Reports of Brand Name Confusion Results in FDA Safety Communication

For those of you who have requested specific brand names from the FDA for your products and have had numerous names denied for reasons you cannot wrap you head around, take heart that FDA can make a mistake too.  FDA reported today that there were at least 50 dispensing errors between two products that actually underwent the rigorous FDA name review process.

The two products according to the FDA”s Safety Communication (here) are:

  • “Brintellix (vortioxetine) is used to treat a certain type of depression called major depressive disorder (MDD) in adults. It is in a class of antidepressants called selective serotonin reuptake inhibitors (SSRIs) that work by affecting chemicals in the brain that may become unbalanced. Brintellix is a tear-shaped tablet stamped with “TL” on one side of the tablet and a number that indicates the tablet strength on the other side. It varies in color depending upon the strength prescribed.” Brintellix was approved 9/30/13.
  • “Brilinta (ticagrelor) is an antiplatelet, anti-blood clotting medication used to lower the risk of having another heart attack, or dying from a heart problem after a heart attack or severe chest pain. It works by keeping the platelets in the blood from sticking together, thereby preventing blood clots that can occur with certain heart conditions. Brilinta is a round, yellow tablet with a “90” above a “T” stamped on one side.” Brilinta was approved 7/20/11.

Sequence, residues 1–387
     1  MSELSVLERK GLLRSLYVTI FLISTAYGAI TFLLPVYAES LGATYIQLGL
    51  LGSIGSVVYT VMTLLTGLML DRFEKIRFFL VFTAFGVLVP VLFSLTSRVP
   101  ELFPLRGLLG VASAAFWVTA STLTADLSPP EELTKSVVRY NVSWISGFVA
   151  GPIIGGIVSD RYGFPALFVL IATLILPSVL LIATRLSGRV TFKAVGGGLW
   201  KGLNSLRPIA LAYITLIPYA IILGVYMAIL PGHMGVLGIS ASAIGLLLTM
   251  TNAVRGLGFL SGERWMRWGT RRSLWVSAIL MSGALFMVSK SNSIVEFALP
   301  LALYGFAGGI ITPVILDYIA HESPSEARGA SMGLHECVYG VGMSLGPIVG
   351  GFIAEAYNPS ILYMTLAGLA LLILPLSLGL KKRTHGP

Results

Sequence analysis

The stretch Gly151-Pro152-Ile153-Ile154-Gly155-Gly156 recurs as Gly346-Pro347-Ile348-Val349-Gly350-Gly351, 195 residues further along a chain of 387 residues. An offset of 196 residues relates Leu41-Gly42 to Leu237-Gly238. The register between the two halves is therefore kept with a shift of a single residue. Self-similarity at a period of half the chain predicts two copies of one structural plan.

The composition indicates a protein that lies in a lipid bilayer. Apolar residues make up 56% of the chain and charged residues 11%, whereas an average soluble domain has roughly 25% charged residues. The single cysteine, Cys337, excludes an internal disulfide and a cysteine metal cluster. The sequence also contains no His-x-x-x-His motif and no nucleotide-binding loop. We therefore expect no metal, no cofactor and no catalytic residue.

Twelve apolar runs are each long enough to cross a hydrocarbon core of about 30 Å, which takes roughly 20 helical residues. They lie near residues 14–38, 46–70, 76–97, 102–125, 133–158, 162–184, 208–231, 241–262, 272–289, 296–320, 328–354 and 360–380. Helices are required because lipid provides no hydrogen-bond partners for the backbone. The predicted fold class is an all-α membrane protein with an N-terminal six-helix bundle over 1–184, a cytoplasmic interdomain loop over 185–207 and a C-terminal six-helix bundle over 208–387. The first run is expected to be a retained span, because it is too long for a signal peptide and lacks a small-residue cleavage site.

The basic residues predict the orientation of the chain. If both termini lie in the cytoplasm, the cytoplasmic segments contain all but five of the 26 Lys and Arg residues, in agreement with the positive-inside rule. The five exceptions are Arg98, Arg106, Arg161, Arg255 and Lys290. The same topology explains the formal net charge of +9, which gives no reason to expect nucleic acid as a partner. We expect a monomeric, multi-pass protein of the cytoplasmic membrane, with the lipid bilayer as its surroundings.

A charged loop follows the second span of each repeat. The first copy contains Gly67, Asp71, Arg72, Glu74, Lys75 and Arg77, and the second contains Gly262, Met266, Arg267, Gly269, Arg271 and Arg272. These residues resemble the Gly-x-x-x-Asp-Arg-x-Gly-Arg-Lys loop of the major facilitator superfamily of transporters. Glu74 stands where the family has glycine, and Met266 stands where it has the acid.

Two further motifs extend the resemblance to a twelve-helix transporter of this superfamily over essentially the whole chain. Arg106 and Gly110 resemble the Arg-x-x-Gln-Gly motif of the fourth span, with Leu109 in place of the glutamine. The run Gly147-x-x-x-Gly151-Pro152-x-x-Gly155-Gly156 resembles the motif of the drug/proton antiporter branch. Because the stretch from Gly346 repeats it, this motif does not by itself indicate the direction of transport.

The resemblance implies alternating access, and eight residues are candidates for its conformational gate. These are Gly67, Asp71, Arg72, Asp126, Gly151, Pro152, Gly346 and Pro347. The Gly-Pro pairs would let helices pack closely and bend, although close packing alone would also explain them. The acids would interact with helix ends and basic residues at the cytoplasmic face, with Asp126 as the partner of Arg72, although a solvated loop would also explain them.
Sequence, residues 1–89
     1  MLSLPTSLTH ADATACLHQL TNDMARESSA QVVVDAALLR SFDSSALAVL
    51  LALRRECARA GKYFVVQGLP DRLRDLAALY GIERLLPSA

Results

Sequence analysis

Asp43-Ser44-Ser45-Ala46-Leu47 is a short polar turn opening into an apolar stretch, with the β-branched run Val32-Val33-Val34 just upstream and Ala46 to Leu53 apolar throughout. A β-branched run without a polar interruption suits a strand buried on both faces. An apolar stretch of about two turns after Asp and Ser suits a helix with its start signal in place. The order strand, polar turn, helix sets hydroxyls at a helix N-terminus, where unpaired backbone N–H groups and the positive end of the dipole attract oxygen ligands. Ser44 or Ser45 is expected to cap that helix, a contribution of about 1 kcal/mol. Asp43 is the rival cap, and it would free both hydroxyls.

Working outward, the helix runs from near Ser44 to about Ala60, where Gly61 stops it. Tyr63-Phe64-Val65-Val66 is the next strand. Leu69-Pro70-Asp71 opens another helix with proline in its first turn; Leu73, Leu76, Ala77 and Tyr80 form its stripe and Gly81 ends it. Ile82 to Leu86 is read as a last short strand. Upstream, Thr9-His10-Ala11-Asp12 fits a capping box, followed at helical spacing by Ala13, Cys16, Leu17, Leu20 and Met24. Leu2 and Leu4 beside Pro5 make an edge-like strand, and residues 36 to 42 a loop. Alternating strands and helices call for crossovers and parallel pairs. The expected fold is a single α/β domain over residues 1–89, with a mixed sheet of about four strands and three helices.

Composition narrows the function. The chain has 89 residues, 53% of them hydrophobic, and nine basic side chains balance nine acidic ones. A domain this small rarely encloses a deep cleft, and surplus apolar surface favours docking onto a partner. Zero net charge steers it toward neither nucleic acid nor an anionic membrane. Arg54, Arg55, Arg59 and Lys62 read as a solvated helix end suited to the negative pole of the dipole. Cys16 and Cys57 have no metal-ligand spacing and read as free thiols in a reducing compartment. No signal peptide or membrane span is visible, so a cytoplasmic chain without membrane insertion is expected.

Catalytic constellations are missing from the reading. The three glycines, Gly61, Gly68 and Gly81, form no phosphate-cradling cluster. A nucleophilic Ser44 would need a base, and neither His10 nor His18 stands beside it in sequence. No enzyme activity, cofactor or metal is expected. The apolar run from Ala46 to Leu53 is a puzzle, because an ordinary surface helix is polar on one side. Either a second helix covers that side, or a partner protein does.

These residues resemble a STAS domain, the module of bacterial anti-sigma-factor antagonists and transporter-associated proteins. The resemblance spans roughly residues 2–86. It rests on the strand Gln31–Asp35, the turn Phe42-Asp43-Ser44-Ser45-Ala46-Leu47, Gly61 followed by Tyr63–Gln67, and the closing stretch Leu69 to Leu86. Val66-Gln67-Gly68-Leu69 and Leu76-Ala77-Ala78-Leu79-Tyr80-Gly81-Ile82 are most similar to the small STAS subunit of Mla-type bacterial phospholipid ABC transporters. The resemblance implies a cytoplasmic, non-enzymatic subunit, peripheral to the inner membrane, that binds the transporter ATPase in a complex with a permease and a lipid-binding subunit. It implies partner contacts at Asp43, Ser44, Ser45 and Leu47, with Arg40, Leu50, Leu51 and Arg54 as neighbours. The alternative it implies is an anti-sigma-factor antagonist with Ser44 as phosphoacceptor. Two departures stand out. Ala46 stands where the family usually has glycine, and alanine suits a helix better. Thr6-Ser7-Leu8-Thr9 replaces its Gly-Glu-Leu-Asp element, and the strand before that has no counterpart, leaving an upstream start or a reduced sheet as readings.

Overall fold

The Agency notes that most of the confusion has resulted from the sound-alike and look-alike names of these two products.  FDA also indicates that it has not had reports of patients being injured due to the potential dispensing errors; however, due to the differing nature of the two products, the chance exists for some pretty severe adverse events if the products are inappropriately dispensed.

So who is going to blink first?  Will the FDA request one of the firms to change their product’s name, or one of the two firms move to change its name to avoid a potential error in dispensing?  Or will FDA permit the status quo to persist, knowing the potential for this error to occur?  Tough choices for the parties involved.  Brillinta has been on the market for about two years longer than Brintelix.  Had FDA recognized the look-alike and sound-alike nature of the names when it performed its initial name review for the latter product, it likely would not have approved the name.  Do they then go back to the newer approved product and say, “Whoops, we goofed and need you to change your name”?  According to the NDA summary documents, there was an acceptable name assessment prior to approval of the Brintellix.

Both are tablets; they have one overlapping color, but the available strengths are strikingly different (Brintellix comes in 5 mg [pink], 10 mg [yellow] 15 mg [orange], and 20 mg [red] tablets, while Brillinta is available only as a yellowish 90 mg tablet).  It is possible that the best way to resolve the issue is to make prescribers aware of the potential confusion and make certain that prescribers and dispensers key off of the strengths.  Let’s keep an eye on this and see how the FDA and the firms proceed.